The only known substrate of Jmjd3 is H3K27me3, and the simplest prediction consistent with its reported biochemical activity as a H3K27 demethylase is that Jmjd3 is recruited to genes associated with basal H3K27me3 levels to reduce them and enable or enhance transcriptional activation.
To test this prediction we generated H3K27me3 genomic maps in unstimulated and LPS‐stimulated macrophages; 9.7 million and 14 million uniquely aligned sequences were obtained from the anti‐H3K27me3 ChIP in untreated and LPS‐treated cells, corresponding to 59 684 and 89 093 peaks, respectively, at an FDR of 0.1% (Supplementary Tables V and VI). Similarly to other systems, H3K27me3 peaks were in fact often part of broad regions (previously defined as broad local enrichment, BLOCs) (Pauler et al, 2009) of average size of 21.2 and 27.8 kb (in untreated and LPS‐treated macrophages, respectively) (Supplementary Table VII and Supplementary data). The percentage of H3K27me3 peaks contained within the 5733 BLOCs identified was 72.3 and 66.6% in untreated and LPS‐treated macrophages, respectively. The behaviour of peaks within and outside these broad regions was however comparable (see Supplementary data) and therefore we will refer to peaks rather than BLOCs in the following section of the manuscript. Jmjd3 target genes were in the majority of cases (2963/3339; 88%) not associated with any H3K27me3 peak within ±1 kb already before LPS stimulation and therefore before induction of Jmjd3 (Figure 3A; Supplementary Table VII). At a few genes with multiple TSSs with differential H3K27me3 association, Jmjd3 seemed to be selectively recruited at the H3K27me3‐negative TSS (Supplementary Table VIII). Therefore, Jmjd3 recruitment to target genes does not rely on pre‐existing H3K27me3, and at most recruitment sites Jmjd3 will not encounter H3K27me3. Considering all (genic and extragenic) Jmjd3 peaks, only a minority of them (511/4398; 11.6%) was associated with a neighbouring (±500 bp) H3K27me3 peak (Supplementary Table VIII). Of these peaks, only 83 (16.3%) decreased by more than two‐fold after a 4 h LPS stimulation. This value is similar to the frequency of a two‐fold reduction of H3K27me3 peaks observed elsewhere in the genome after LPS treatment (17.6%, corresponding to 10 385 out of a total of 59 173 peaks). Figure 3B shows the comparison of intensity changes between overall H3K27me3 peaks (shown in red) and peaks overlapping with Jmjd3 (in blue). The change of H3K27me3 patterns on stimulation is extremely similar in the two groups.
Taken together, these data show that there is no statistically significant increase in the probability of H3K27me3 reduction at peaks lying close to Jmjd3 as compared with the distant ones.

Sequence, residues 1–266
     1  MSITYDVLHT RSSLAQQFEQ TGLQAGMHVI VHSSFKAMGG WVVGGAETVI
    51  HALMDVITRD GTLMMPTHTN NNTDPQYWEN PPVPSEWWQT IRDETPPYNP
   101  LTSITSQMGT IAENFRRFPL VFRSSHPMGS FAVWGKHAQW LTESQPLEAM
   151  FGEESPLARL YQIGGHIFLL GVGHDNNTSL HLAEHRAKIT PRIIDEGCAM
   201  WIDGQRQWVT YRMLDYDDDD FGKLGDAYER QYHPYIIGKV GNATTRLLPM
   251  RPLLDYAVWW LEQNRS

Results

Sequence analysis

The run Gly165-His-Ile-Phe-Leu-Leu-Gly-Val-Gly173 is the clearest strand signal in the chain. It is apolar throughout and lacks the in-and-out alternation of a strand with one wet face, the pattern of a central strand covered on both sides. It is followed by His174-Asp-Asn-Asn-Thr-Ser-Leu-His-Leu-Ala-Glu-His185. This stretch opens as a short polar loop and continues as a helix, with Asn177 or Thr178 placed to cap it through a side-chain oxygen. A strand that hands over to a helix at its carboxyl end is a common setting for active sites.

However, some H3K27me3 peaks underwent a rapid reduction following LPS stimulation, and a fraction of these peaks were Jmjd3‐associated. Therefore, we sought to understand the molecular basis of this reduction and whether it was due to enzymatic demethylation. Reduced H3K27me3 signals at these peaks after LPS may reflect enzymatic demethylation, histone exchange or nucleosome loss. To discriminate among these possibilities, we analysed two Jmjd3‐associated genes among those showing the highest stimulus‐induced reduction, Nos2 and Upp1 (Figure 3C; Supplementary Figure 6). In both cases, H3K27me3 downregulation perfectly mirrored the reduction in the total H3 levels that accompanied gene induction (Figure 3D, upper and middle panels). In fact, when H3K27me3 ChIP data were normalized to total H3, no difference was found in untreated and treated cells (Figure 3D, bottom panel), suggesting that nucleosome loss rather than enzymatic demethylation is the mechanism underlying the observed reductions of H3K27me3. Similar data were observed with all the other genes analysed (data not shown). Therefore, nucleosome depletion at inducible genes is a widespread occurrence in LPS‐stimulated macrophages, possibly because of the extensive nucleosome displacement linked to massive Pol_II elongation (Supplementary Figure 7); conversely, we could not get evidence supporting the occurrence of H3K27me3 demethylation in the first 4 h after LPS treatment. The Jmjd3‐mediated H3K27me3 demethylation, we previously reported at the Bmp2 gene, in fact occurs with much slower kinetics (De Santa et al, 2007). We surmise that the slow rate of the H3K27me3 demethylation reaction, which in vitro requires a high enzyme‐to‐substrate ratio and a long incubation time (Agger et al, 2007; De Santa et al, 2007; Lan et al, 2007; Lee et al, 2007), combined with the short duration of the encounter with Jmjd3, makes Jmjd3‐mediated H3K27me3 demethylation in the very first hours after LPS extremely unlikely. The few kinetic studies published insofar for JmjC‐catalysed histone demethylation reactions are compatible with this interpretation, as they reported very slow substrate turnover rates (0.01 min−1) (Culhane and Cole, 2007).